No, I'm not actually advocating that. I'm just trying to point out the mendacity of the political species.

    But also that even accepting the existence of these externalities I can't imagine those deriving from pot use being anywhere near those from tobacco.

  • guy in the back row||

    I'm just not sure I understand why he thinks "high taxes" are needed. I accept the fact that some commodoties may impose social costs (externalities?) but I'm not sure that of pot is that high.

    Just think how much lower taxes will become when all the narcotics cops are reassigned, retired, and just plain fired for nothing to do.

  • ||

    Just think how much lower taxes will become when all the narcotics cops are reassigned, retired, and just plain fired for nothing to do.

    Nah. They'll just become soda cops.

  • wayne||

    I just want to point out that if taxes on legal drugs get high enough, they will completely negate the positive consequences of legalization.

    The California bill that seeks to legalize Marijuana, for example, proposes a $50 per ounce tax levy. At that taxation level, there will be ample motive ($800 per pound) for criminals to stay in the drug trade.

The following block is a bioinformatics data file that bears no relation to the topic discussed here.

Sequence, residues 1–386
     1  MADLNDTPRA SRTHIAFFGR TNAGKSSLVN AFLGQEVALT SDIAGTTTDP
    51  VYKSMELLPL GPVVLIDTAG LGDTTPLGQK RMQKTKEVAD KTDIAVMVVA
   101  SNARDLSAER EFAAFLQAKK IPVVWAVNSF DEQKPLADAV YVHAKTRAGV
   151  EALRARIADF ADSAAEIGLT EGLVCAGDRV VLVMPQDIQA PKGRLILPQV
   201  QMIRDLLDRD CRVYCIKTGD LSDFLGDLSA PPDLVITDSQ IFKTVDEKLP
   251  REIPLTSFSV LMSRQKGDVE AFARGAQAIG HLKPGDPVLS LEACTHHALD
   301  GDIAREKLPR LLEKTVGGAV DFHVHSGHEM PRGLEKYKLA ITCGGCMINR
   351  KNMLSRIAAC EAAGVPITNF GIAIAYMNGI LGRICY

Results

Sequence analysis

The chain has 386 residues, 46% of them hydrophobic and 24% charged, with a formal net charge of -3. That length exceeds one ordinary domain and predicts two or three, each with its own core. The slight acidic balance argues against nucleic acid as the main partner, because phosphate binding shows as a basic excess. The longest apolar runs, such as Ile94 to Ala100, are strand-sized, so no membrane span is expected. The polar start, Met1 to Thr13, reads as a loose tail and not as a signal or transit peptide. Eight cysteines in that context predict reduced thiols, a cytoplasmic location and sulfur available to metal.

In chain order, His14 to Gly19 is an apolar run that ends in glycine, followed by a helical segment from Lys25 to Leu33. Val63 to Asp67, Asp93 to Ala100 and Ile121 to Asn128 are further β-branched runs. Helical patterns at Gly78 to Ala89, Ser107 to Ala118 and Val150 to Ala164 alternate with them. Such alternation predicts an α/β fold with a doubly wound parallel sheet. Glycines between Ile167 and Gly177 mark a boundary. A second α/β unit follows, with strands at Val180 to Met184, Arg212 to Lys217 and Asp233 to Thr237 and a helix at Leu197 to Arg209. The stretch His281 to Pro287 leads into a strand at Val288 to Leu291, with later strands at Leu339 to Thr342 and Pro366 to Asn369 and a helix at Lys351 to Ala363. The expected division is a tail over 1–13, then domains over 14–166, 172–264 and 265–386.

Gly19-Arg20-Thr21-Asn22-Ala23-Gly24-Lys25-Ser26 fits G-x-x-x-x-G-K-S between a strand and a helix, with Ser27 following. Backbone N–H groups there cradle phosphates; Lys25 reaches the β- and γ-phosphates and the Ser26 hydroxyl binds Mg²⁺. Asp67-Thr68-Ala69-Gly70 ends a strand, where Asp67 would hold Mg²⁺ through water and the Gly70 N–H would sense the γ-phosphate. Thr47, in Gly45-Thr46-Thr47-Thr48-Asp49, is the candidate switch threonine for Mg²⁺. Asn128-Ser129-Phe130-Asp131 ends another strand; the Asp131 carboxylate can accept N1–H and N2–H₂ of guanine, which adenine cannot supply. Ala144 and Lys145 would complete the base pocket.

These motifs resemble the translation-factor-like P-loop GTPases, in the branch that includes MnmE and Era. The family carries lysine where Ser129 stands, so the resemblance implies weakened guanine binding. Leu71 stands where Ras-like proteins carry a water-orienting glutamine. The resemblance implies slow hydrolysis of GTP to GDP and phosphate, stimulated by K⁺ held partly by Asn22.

I say legalize freedom completely! There is no good purpose served by letting the do-gooder, finger-waggers impose their moral perspectives on anybody but themselves.

  • Paul||

    Wayne, you've touched on something I've been concerned about. I always wince when a pro-legalization force or group says: "Regulate us! Tax us! Make us legitimate".

    How about "legalize it" and just leave it at that.

  • wayne||

    Paul,

    I agree. Some taxation is inevitable, but the government should not simply substitute itself for the cartels. That would be immoral, which politicians certainly are, but more importantly high taxes would maintain the monetary incentive that supports the current murderous drug runners.

  • Elemenope||

    The California bill that seeks to legalize Marijuana, for example, proposes a $50 per ounce tax levy. At that taxation level, there will be ample motive ($800 per pound) for criminals to stay in the drug trade.

    We've talked about this before. 33 grams per oz, 0.8 grams per joint. That's ~41 joints per oz. So, we're talking just over $1.20 tax burden per joint.

    I would be utterly shocked if the cost inflation of illegality were less than that.

  • wayne||

    lmnop,